At US border, era of fence-building, manpower 'surge' at an end
A strategy shift is under way at the US border patrol, with intelligence and risk to national security taking priority over adding more fences and additional manpower. Why the change?
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Arizona state Sen. Steve Smith, for one, thinks little of the border patrol's new priorities.Skip to next paragraph
In Pictures The scene at the US/Mexico border
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“Our federal government, they don’t see the magnitude of this problem,” says the Republican, who in July launched a fundraising website to build a state border fence. “It’s folly … to stop putting up things that we know work, that we know are an impediment,” he adds, saying fencing is part of the solution, along with manpower and technology.
For years, immigrant advocacy groups have pressed for change in border patrol tactics. Tighter border enforcement in California and Texas in the mid-1990s pushed the flow of illegal border crossers to Arizona, where remote desert areas became the top entry point for migrants, some of whom perished making the journey.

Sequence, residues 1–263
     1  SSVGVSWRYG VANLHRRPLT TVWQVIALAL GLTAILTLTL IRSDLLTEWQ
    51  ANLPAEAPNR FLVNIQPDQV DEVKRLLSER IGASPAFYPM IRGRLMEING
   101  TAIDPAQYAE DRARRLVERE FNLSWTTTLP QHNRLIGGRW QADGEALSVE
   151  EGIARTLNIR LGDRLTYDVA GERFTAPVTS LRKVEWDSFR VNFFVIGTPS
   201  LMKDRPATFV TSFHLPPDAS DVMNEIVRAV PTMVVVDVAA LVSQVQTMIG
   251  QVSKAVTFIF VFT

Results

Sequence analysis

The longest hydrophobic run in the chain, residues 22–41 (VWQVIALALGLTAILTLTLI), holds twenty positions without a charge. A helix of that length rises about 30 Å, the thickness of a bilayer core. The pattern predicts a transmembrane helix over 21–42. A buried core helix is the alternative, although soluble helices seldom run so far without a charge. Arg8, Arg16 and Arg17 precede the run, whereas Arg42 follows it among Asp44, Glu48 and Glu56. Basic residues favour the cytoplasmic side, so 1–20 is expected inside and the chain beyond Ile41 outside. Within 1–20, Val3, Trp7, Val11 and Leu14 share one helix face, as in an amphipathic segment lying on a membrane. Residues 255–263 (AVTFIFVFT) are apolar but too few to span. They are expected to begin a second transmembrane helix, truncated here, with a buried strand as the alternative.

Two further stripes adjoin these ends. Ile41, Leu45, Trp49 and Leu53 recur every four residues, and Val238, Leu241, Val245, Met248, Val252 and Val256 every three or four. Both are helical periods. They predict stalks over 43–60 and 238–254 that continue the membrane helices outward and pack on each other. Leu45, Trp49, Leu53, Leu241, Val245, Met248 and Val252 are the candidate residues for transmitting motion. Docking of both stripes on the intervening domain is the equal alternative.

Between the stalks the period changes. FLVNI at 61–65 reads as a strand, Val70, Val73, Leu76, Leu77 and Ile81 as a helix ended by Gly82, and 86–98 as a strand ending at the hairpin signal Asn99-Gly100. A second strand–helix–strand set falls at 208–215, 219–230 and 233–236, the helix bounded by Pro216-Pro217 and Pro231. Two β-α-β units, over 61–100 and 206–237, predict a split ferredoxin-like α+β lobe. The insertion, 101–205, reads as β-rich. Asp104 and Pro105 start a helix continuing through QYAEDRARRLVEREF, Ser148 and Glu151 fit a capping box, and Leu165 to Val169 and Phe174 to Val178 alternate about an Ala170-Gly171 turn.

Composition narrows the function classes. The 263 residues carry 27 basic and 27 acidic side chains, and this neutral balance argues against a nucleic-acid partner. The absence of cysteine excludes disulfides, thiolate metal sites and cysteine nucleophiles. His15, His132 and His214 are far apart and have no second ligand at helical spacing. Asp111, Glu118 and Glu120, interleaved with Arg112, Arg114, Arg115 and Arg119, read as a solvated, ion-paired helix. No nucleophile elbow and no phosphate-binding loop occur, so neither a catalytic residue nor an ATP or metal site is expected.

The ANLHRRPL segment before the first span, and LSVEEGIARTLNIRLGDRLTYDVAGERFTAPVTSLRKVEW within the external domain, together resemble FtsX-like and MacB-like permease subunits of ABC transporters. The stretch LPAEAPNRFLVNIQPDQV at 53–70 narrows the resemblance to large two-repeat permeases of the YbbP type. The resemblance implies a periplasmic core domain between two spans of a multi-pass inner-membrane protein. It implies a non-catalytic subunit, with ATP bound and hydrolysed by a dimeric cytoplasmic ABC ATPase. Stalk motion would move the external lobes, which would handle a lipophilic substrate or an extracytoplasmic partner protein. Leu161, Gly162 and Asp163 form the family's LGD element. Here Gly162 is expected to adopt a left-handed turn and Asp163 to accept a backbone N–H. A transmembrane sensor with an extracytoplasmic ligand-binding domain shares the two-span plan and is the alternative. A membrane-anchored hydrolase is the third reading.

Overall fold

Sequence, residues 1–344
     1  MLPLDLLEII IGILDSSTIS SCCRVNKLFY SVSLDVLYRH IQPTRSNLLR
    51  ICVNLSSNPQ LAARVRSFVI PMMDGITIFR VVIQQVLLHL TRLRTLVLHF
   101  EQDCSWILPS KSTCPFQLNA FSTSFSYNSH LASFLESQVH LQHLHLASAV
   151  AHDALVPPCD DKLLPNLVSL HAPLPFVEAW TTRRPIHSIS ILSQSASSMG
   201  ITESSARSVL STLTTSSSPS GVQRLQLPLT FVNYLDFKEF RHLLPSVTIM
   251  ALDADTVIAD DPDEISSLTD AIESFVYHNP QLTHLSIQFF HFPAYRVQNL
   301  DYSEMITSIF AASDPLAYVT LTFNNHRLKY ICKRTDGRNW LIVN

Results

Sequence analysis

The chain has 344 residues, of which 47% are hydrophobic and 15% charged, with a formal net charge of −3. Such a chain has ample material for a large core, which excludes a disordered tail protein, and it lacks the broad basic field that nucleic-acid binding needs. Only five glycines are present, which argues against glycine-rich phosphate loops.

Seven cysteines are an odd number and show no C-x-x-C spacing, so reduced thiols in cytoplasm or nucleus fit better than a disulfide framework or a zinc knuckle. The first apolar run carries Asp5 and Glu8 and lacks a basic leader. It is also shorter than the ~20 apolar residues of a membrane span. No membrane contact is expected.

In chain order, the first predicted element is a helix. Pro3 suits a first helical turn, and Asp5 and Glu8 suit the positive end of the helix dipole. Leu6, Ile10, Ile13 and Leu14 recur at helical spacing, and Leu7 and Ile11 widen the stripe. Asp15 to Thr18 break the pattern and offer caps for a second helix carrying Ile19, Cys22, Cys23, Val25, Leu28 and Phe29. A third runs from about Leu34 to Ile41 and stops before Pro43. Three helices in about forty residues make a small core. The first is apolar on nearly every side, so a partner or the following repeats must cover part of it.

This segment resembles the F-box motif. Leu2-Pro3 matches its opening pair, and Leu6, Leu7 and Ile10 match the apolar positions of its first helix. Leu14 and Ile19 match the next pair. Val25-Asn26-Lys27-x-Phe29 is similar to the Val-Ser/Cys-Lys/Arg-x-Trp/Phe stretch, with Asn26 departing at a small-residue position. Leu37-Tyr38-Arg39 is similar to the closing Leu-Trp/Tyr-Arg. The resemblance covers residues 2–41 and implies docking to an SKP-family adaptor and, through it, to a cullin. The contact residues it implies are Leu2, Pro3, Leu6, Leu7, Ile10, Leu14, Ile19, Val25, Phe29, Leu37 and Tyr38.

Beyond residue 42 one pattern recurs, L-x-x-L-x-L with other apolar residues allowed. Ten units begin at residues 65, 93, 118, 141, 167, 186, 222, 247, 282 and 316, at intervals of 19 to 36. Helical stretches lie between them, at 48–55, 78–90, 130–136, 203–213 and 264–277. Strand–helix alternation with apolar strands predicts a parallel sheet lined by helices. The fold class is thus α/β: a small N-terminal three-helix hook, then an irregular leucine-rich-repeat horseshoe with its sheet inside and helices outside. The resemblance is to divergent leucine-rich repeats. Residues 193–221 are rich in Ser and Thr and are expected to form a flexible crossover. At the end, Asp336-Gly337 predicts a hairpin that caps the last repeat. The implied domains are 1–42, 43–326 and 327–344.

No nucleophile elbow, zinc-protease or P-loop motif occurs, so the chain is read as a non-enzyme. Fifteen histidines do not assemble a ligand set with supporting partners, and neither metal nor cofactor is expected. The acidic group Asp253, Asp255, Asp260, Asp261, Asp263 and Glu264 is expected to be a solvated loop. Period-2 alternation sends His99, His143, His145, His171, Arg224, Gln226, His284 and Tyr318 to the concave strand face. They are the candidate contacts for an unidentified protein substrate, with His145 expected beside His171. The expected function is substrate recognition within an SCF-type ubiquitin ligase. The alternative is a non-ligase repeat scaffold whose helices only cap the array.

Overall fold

“Fences now exist in all but the most remote and impassable areas, the ratio of migrants to [enforcement] personnel is at historic lows, and the ratio of dollars per apprehension is at historic highs,” concludes a yearlong study by the Washington Office on Latin America, a human rights advocacy group, and Mexico’s College of the Northern Border.
“Meanwhile, it is not even clear how much of the reduction in migration owes to security measures – though some certainly does – and how much owes to other factors like recession and fear of organized crime,” states the study, which was released in April. “Additional dollars for current border security priorities will yield little additional payoff and are unnecessary.”
It's evident that heavy funding for the US border patrol is no longer a priority, says George McCubbin, president of the National Border Patrol Council, the union that represents most border patrol agents. Part of the reason is that resources were wasted, he says, on a plan to add $1 billion in technology along the 2,000-mile US-Mexican border to serve as a "virtual" fence.
“It didn’t do anything for the American public,” Mr. McCubbin says of the failed project, known as SBInet.
He also acknowledges a problem with corruption inside the agency, but says agency administrators bear the responsibility. In trying to fulfill Congress’s mandate to hire thousands of agents within a certain time frame, background checks were put off until after agents were already on the job, McCubbin says.
“The negative result of all that is, we hired a bunch of bad people,” he adds. “It’s a concern for all of us.”
IN PICTURES: The scene at the US/Mexico border